The United States Marine Corps Physical Fitness Test disagrees with you, and I think you'd have a hard time trying to convince them to switch to partial pull-ups. By going only half the way down one hasn't trained the full range of motion. This opinion on form is hardly in the minority.

Kachi wrote:I don't know what you think the biz is, but I'm talking about professional physical fitness standards.

I interpreted your phrase "the biz" to mean standard commercial gym chains. They cross certify themselves and rarely know what they're doing.

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Re: How many pull ups can you do?

Postby TheKrikkitWars » Mon Nov 10, 2008 11:44 am UTC

Victoria Maddison wrote:
Kachi wrote:Uh, no. In a standardized physical fitness test, you do not do pull ups from a dead hang. You're mistaken.

The United States Marine Corps Physical Fitness Test disagrees with you, and I think you'd have a hard time trying to convince them to switch to partial pull-ups. By going only half the way down one hasn't trained the full range of motion. My opinion on form is hardly in the minority.

Kachi wrote:I don't know what you think the biz is, but I'm talking about professional physical fitness standards.

I interpreted your phrase "the biz" as meaning standard commercial gyms chains. They cross certify themselves and rarely know what they're doing.


The phrase outmatched comes to mind.

Out of interest, which do people find harder, pull ups (palms toward face) or chin ups (palms away from face)?
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Re: How many pull ups can you do?

Postby Victoria Maddison » Mon Nov 10, 2008 12:03 pm UTC

TheKrikkitWars wrote:Out of interest, which do people find harder, pull ups (palms toward face) or chin ups (palms away from face)?

Pull-ups are performed with hands prone (palms out) and chin-ups with hands supine (palms in). I find pull-ups slightly harder due to the greatly diminished involvement of the biceps.

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Re: How many pull ups can you do?

Postby Kachi » Tue Nov 11, 2008 12:31 am UTC

I interpreted your phrase "the biz" to mean standard commercial gym chains. They cross certify themselves and rarely know what they're doing.


Ah, no. I should have been more clear from the get-go. I'm talking about the professional standards of physicians, teachers, etc. when employing a comprehensive physical fitness test which tests muscular strength and endurance, cardiovascular endurance, flexibility, and BMI. Generally it includes pacer sit-up, backsaver sit and reach, and pullups (or flex arm hang), among other exercises.

The United States Marine Corps Physical Fitness Test disagrees with you, and I think you'd have a hard time trying to convince them to switch to partial pull-ups. By going only half the way down one hasn't trained the full range of motion. This opinion on form is hardly in the minority.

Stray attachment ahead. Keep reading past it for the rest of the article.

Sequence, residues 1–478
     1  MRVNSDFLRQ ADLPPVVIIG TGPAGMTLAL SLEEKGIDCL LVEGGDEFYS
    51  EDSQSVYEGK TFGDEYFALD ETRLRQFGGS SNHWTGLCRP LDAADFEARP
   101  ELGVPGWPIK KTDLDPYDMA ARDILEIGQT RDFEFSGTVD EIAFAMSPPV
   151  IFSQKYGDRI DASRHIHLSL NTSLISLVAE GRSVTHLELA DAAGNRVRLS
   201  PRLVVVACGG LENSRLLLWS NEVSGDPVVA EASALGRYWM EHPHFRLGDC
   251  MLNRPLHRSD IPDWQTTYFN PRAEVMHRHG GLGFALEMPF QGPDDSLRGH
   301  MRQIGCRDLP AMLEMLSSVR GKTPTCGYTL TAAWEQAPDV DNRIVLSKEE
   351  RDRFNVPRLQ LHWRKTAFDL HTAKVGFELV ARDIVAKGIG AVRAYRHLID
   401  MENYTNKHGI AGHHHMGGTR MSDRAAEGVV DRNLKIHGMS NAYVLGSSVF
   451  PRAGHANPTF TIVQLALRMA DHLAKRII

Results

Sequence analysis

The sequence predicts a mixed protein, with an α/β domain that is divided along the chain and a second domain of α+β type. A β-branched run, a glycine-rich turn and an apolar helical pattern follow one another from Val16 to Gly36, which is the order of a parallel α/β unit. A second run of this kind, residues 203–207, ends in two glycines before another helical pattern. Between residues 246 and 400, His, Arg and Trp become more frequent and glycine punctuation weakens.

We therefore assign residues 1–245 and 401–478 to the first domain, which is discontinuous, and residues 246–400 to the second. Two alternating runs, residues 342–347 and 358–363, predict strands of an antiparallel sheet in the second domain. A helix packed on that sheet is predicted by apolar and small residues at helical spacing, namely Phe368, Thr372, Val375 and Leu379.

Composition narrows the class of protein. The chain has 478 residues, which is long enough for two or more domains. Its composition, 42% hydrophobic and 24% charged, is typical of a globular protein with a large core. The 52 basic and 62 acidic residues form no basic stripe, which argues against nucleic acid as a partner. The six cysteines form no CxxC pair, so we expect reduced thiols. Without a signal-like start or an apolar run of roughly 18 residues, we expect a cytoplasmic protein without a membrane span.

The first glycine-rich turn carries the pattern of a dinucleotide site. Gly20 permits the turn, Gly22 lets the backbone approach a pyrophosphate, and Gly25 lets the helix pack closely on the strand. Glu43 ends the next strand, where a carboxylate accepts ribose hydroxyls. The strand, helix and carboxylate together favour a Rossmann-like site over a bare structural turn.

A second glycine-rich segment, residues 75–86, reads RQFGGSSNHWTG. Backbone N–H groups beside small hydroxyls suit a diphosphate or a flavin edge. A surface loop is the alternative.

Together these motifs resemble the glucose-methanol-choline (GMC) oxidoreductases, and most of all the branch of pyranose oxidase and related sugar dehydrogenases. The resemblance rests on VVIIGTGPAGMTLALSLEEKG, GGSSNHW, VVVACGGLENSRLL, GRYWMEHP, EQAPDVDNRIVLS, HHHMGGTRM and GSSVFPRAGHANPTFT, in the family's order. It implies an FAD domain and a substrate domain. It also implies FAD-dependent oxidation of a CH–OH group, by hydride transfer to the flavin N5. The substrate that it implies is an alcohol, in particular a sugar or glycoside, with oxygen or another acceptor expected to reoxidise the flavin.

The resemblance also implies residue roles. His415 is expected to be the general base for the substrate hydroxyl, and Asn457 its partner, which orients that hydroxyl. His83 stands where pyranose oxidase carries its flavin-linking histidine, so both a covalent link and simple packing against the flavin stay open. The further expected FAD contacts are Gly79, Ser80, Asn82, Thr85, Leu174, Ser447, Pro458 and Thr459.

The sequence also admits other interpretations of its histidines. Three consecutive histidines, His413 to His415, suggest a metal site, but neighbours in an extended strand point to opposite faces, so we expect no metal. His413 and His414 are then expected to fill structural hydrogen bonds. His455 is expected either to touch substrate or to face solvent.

The only thing I'll say to this is that the Marine Corps probably has other things to take into consideration aside from those a health professional would.

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Re: How many pull ups can you do?

Postby asad137 » Tue Nov 11, 2008 5:05 am UTC

Kachi -- I suggest you search this forum for posts by the person you're disagreeing with. She's shown clearly, with numerous posts, that she actually knows what she's talking about when it comes to fitness and strength training. I'm not saying that you don't, but you don't have such history in this forum so I'm going to have to hit you with a big [Citation needed]. The USMC test she referenced is an easily verifiable, reasonably authoritative source, IMO. Your reference of "...the professional standards of physicians, teachers, etc. when employing a comprehensive physical fitness test..." is sufficiently nebulous and diverse to be almost completely worthless.

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Re: How many pull ups can you do?

Postby Kachi » Tue Nov 11, 2008 7:45 am UTC

http://forums.xkcd.com/viewtopic.php?f=43&t=30215

I did ask.

Unfortunately I can't just pull a source off of a quick google search. When we administer physical fitness tests (twice a year), regulations standardize pullups from 90 degrees. This was a pretty basic thing that I learned in college. I've implemented several standardized physical fitness tests before, and there are strict criteria for each test prong. They're nationally recognized standards, but that doesn't mean that every state or organization necessarily uses them. I'll confirm with my brother what the norm is for physicians.

Anyway, it doesn't really matter. My point was simply that if someone says that they're doing 20 pullups, even if they're not from a dead hang, they are correct.

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Re: How many pull ups can you do?

Postby TheKrikkitWars » Tue Nov 11, 2008 12:58 pm UTC

Kachi wrote: